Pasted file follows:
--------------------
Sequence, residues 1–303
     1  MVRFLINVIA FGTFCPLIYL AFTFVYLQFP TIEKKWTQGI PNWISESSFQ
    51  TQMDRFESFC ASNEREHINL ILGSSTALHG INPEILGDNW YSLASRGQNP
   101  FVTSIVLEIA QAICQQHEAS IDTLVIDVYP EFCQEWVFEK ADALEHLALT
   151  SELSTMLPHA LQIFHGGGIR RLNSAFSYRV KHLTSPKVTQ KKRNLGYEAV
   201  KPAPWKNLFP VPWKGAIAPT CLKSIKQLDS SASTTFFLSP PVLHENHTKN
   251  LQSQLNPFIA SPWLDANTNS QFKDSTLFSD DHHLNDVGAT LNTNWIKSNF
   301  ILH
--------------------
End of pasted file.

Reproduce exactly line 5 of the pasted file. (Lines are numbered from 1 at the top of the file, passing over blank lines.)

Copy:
   151  SELSTMLPHA LQIFHGGGIR RLNSAFSYRV KHLTSPKVTQ KKRNLGYEAV